Curt Schilling's Bankrupt Video Game Company Threatens Rhode Island's Credit Rating

Former Major League Baseball pitcher Curt Schilling's 38 Studios video game company not only went bankrupt, but is now also threatening to damage Rhode Island's credit rating. Rhode Island gave the company a $100-million loan guarantee to get the business to relocate to the state in 2010. 

Schilling moved his company from Massachusetts to Rhode Island after he got a "loan guarantee based on state officials’ claims that it would lead to 450 jobs and millions in tax revenue." In May of 2012, the company filed for bankruptcy and 300 of its employees in Rhode Island and Maryland were out of work. 

On Wednesday, Moody's said it could downgrade the state's overall credit rating if it does not honor the debt. Moody's already downgraded the "moral obligation" bond. 

"The potential for a decision by the legislature to withhold funds to replenish the debt service reserve signals potential unwillingness to honor its obligations to bondholders," Moody’s said in a statement. "Selectivity regarding which obligations to honor leads us to question our confidence in the full faith and credit of the state and its willingness to honor its other debt obligations compared to otherwise similarly-rated states."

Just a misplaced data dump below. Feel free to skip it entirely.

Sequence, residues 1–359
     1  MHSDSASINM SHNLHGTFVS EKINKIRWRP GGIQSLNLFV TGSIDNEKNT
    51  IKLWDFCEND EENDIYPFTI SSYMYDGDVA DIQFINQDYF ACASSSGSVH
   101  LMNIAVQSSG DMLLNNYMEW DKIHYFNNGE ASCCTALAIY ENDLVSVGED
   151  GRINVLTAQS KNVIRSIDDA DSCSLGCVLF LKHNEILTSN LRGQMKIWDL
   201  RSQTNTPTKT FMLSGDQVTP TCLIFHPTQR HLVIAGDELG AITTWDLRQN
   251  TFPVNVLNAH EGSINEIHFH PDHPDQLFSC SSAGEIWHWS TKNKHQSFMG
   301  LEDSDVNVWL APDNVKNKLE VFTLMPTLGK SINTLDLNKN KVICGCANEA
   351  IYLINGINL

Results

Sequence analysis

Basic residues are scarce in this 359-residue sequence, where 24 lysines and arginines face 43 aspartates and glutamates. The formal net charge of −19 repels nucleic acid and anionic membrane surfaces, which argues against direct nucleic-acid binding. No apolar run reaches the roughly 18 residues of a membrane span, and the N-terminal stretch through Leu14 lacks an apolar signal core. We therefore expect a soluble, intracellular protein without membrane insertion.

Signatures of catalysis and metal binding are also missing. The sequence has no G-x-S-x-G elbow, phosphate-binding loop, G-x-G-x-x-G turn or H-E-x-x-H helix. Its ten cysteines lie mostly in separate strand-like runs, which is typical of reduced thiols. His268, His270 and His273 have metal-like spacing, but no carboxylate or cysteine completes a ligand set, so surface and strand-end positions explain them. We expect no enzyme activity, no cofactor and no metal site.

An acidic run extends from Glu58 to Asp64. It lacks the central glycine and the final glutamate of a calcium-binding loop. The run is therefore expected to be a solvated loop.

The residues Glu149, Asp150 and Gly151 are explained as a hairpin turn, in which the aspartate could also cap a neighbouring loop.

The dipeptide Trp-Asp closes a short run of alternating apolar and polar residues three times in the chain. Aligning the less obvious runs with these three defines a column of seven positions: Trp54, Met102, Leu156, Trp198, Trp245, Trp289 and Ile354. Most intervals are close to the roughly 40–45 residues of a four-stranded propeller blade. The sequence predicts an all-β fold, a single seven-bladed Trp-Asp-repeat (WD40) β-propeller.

According to Fox News, "not honoring the debt would save the state $89.2 million, but could make it more expensive for the state to borrow money over the next decade," as Moody's indicated. 

There is no precedent, for no state has defaulted on a bond since the Great Depression. 

A spokeswoman for Rhode Island Gov. Lincoln Chafee said Chafee wanted the state to pay the debt and was "cautiously optimistic" a bill would pass along for the state to do so. 

"While the governor has said all along that it wouldn’t be in the state’s best interest to not pay the moral obligation debt, the statement from Moody’s makes that clearer," Christine Hunsinger told "So the governor is cautiously optimistic since the House budget does contain the payment that the full House and Senate will approve the moral obligation payment."

Schilling made at least $110 million in his career but admitted he is "tapped out" and lost all of his fortune investing in the video game company.


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